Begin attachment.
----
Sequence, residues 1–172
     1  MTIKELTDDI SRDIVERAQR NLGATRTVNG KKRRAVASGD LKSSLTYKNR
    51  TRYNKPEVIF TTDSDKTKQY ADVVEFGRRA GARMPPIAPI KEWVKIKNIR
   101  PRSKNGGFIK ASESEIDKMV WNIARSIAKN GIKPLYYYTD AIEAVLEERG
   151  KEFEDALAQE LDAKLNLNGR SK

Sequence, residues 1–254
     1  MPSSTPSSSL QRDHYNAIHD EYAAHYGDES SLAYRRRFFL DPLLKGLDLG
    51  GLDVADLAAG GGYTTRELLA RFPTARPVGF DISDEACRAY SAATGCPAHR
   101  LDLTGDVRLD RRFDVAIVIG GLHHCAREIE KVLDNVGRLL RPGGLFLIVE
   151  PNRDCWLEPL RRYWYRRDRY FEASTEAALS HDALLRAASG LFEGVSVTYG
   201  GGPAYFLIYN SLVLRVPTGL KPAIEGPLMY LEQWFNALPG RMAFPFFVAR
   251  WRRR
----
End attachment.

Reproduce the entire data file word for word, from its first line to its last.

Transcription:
Sequence, residues 1–172
     1  MTIKELTDDI SRDIVERAQR NLGATRTVNG KKRRAVASGD LKSSLTYKNR
    51  TRYNKPEVIF TTDSDKTKQY ADVVEFGRRA GARMPPIAPI KEWVKIKNIR
   101  PRSKNGGFIK ASESEIDKMV WNIARSIAKN GIKPLYYYTD AIEAVLEERG
   151  KEFEDALAQE LDAKLNLNGR SK

Sequence, residues 1–254
     1  MPSSTPSSSL QRDHYNAIHD EYAAHYGDES SLAYRRRFFL DPLLKGLDLG
    51  GLDVADLAAG GGYTTRELLA RFPTARPVGF DISDEACRAY SAATGCPAHR
   101  LDLTGDVRLD RRFDVAIVIG GLHHCAREIE KVLDNVGRLL RPGGLFLIVE
   151  PNRDCWLEPL RRYWYRRDRY FEASTEAALS HDALLRAASG LFEGVSVTYG
   201  GGPAYFLIYN SLVLRVPTGL KPAIEGPLMY LEQWFNALPG RMAFPFFVAR
   251  WRRR